|« Keeping Kosher and the Blood Type Diet|
I've been on Blood Type Diet (BTD) since February 2009, switched to SWAMI in January 2010, and found out that I'm a non-secretor in August 2011. I found out my children’s blood types in spring 2010, and my oldest daughter got a SWAMI in October of 2011. My daughters are both O’s and my son is a B. I'm a single mom on a tight budget, but I'm still doing my best to feed my 3 kids BTD appropriate foods. We're Orthodox Jews, so we keep kosher, an added culinary and shopping challenge, and the Jewish calendar is a big part of our lives. I'm always thinking ahead to what I'll cook for Shabbos (the Jewish Sabbath, from Friday evening until nightfall on Saturday) or any upcoming Jewish holiday. We often have guests for Shabbos or holiday meals, and I like showing people that BTD isn't about deprivation.
I came to BTD because I have fibromyalgia, and while I've improved greatly on this diet plan, I still have a lot of healing to do. I've always had "good days" and "bad days" and that hasn't changed. But now I'm off all pain medication, I have more "good days" than ever before, and even my "bad days" aren't nearly as bad as they used to be. They might even be about the same as the "good days" I used to have. But I'm still hoping for the time when I never wake up in pain.
I'm on SSI (disability payments) due to the fibromyalgia, so I'm able to be home with my kids. Most of my time and mental energy is devoted to taking care of others as well as trying to nourish and heal myself. I'm still trying to find that balance.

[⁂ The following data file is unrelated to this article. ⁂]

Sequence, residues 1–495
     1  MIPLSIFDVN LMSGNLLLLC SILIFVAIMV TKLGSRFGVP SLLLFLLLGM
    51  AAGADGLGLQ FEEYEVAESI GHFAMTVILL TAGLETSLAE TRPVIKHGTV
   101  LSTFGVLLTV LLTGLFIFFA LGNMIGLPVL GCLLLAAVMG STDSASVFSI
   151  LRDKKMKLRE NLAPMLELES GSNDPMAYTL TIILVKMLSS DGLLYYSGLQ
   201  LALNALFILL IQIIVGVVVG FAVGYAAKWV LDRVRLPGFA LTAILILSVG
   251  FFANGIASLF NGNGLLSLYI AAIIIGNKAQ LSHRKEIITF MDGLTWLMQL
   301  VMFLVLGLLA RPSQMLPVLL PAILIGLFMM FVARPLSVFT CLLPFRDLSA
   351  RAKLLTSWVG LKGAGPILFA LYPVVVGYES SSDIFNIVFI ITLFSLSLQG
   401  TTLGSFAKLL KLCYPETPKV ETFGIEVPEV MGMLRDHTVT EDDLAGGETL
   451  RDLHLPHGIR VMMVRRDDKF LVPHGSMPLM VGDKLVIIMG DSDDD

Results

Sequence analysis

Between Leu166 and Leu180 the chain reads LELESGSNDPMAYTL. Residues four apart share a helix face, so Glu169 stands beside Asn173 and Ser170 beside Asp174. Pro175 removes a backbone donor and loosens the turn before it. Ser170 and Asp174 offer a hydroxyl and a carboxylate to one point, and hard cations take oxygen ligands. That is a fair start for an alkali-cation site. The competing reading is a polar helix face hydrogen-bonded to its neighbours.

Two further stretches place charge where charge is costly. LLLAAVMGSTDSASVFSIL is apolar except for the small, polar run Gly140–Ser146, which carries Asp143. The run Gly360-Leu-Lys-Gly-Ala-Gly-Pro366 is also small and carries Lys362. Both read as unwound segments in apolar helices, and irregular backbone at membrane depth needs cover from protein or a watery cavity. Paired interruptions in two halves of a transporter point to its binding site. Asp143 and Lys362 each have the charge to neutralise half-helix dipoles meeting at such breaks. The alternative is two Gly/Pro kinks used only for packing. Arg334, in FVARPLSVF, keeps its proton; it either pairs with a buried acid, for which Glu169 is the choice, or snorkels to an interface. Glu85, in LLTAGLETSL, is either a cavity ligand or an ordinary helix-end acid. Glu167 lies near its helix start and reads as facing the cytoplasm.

My kids are overall healthy, and I mainly have them on BTD to prevent future problems. However, I've noticed that eating right for their types does have some short-term benefits, particularly in terms of their moods and general resistance to infections.
I enjoy being a blogger because I think I can offer a unique perspective on BTD living. I'm successfully preparing foods for 4 different food lists. We're doing all this on a very tight food budget, in spite of the misconception that "BTD is expensive and only the rich can afford to eat this way." As an Orthodox Jew, I'm combining kosher with BTD compliance, as well as preparing traditional holiday meals in a compliant way.
looking forward to all your blogs!
My sister-in-law has the gift of writing like this as well. Your posts are always interesting, honest and helpful. I look forward to your future blogs!
Comments are not allowed from anonymous visitors.